When Empathy Hurts Your Feedback
Empathy is the signature skill of good feedback. But it has a silent cost.
Ask others whether they’d prefer to get feedback from someone who’s highly empathetic, and the answer would be a resounding yes. The ability to empathize with others is a critical leadership skill, especially when conversations turn tense. These individuals can anticipate how others are likely to think and feel, are well-equipped to express genuine care and compassion, and find ways to communicate in a constructive manner.
There’s just one problem: Empathy might be derailing your leadership effectiveness.
The underside of empathy
According to a recent study, high-empathy leaders actually became less effective after giving negative feedback. The higher these individuals scored on standard questionnaires designed to measure empathy, the more distressed and inattentive they became after giving the feedback, leading them to report that they became less effective at their jobs and less able to inspire their teams.
In a follow-up study, researchers also found that the more upset the recipients of the feedback seemed to be, the worse high-empathy leaders performed at tasks designed to measure critical leadership skills such as time management and the ability to focus.
The simple explanation is that feedback acts as an emotional contagion. High-empathy feedback givers are more likely to “catch” the negative reactions of others and take these signals to heart. They are quick to observe and absorb how feedback affects others, especially when there’s a demonstrable impact on the moods and minds of their recipients.
Researchers observed a stark contrast among low-empathy feedback givers. Unlike their more empathetic peers, these individuals were less likely to register how their feedback landed and did not bear the brunt of its message. As a result, low-empathy feedback givers did not experience a dip in their performance and even reported higher energy levels after giving feedback to employees.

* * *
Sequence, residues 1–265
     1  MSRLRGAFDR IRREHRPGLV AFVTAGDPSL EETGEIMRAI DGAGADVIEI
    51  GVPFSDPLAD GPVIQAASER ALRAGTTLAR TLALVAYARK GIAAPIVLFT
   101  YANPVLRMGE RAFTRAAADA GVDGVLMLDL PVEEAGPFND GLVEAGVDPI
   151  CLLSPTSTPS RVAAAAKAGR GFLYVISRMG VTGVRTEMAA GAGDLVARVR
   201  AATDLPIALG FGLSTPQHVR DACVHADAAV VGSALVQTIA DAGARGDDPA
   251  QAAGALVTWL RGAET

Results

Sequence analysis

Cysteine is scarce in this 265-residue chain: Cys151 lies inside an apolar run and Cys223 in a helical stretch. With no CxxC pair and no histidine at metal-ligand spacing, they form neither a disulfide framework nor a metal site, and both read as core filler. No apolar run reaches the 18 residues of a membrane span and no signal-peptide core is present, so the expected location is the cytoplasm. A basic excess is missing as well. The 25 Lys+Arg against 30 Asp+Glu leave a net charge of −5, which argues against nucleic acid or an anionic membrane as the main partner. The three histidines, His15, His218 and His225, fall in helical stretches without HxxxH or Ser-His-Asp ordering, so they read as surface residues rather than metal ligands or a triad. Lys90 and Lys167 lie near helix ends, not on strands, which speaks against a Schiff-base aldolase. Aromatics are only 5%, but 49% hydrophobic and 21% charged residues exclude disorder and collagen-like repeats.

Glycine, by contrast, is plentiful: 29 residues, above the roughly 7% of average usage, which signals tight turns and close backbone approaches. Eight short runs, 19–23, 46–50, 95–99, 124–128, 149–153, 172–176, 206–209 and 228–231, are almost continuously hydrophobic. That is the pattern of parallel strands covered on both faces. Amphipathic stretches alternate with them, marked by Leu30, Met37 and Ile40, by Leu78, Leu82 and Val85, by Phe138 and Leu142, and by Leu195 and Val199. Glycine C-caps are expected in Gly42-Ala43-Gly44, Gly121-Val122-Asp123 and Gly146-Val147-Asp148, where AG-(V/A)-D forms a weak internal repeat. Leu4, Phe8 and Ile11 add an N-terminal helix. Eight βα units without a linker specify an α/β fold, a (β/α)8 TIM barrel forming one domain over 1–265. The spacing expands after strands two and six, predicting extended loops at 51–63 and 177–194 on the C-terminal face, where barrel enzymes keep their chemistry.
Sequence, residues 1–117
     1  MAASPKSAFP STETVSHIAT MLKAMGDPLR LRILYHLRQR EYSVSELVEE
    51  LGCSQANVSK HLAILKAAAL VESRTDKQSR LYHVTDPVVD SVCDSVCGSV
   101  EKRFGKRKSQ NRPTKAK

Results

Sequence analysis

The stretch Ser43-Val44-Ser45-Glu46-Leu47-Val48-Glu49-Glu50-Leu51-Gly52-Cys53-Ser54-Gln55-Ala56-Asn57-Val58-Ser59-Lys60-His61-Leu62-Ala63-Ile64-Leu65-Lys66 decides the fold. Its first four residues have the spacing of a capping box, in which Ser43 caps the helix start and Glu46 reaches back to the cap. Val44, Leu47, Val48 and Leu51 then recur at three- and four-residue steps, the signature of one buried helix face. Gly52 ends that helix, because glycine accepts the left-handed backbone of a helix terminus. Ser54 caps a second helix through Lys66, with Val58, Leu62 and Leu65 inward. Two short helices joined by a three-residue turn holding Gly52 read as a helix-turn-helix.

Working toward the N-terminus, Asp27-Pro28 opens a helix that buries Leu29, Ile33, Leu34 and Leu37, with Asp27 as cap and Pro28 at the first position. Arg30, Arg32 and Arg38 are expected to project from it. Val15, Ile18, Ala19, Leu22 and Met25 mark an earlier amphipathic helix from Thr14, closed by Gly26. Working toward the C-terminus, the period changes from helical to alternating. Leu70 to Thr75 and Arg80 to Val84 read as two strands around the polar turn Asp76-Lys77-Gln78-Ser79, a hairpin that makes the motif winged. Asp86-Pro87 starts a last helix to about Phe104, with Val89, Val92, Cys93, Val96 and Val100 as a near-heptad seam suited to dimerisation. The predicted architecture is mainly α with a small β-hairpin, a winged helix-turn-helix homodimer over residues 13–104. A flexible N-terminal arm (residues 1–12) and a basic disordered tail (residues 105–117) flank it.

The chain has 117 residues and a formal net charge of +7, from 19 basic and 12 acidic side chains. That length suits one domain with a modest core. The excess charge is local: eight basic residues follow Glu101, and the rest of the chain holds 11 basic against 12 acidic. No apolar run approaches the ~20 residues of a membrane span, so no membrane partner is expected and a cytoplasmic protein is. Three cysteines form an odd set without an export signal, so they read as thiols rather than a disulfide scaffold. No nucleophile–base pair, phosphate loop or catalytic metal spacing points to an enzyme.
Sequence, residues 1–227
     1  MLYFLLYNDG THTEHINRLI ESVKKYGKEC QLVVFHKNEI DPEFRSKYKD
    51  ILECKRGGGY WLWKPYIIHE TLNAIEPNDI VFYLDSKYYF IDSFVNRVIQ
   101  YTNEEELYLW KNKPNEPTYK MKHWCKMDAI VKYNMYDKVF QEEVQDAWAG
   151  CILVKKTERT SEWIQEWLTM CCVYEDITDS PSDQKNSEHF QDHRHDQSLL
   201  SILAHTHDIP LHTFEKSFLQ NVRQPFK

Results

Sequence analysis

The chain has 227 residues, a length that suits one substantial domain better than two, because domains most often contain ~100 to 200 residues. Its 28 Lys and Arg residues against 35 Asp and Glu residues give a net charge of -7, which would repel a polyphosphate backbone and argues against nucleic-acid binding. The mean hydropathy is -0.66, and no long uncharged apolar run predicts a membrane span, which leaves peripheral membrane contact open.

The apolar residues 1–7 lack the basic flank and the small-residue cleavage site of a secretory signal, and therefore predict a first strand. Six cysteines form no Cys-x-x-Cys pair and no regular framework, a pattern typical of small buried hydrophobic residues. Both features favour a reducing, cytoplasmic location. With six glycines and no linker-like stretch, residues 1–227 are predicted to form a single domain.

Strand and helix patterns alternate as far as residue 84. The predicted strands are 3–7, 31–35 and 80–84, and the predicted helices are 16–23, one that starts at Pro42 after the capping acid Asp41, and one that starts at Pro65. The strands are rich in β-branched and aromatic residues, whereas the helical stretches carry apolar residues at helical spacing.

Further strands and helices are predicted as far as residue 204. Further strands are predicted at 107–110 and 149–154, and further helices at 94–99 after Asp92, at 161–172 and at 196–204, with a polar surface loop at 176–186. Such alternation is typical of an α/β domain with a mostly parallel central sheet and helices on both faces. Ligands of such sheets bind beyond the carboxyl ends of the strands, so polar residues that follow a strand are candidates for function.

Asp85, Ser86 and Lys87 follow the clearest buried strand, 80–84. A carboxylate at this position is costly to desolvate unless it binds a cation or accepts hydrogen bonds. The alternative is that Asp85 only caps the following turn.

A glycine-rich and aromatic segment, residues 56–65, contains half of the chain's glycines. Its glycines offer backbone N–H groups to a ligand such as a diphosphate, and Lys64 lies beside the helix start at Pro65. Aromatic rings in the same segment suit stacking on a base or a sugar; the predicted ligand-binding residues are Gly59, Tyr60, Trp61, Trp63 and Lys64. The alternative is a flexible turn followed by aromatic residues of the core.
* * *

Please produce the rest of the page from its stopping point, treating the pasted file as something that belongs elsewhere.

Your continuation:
In essence, we have a performance conversation paradox: Those who are best suited to give helpful feedback end up harming themselves. For these highly empathetic leaders, giving feedback is an energy-depleting experience that leaves them less prepared to do their own jobs even as they enable others to better perform theirs.
Helping those who help others
There are ways to protect against the costs incurred by high-empathy feedback givers. The following practices can help:
For some leaders, it might be necessary to carve out recovery time after providing negative feedback. This could mean giving feedback before a scheduled break or at the end of the workday.
Create a buffer
If feedback can’t be calendared this way, leaders should acknowledge the hit to their overall effectiveness and perform subsequent tasks that don’t require heaving lifting. Check email. Catch up on reading. Look over meeting notes. Avoid anything that requires a high degree of cognition or complexity.
Rather than beat themselves up for falling down, high-empathy leaders should take a moment to reset and reflect. True, their empathy powers may come at a cost. But they also produce a measure of comfort and connection for others in a moment of vulnerability. Better to focus on how others have been served and strengthened by this type of leadership than to give into frustration.
Empathy is the signature skill of effective feedback, but it has an underside. By identifying its hidden costs, leaders can positively impact others without taking a personal hit.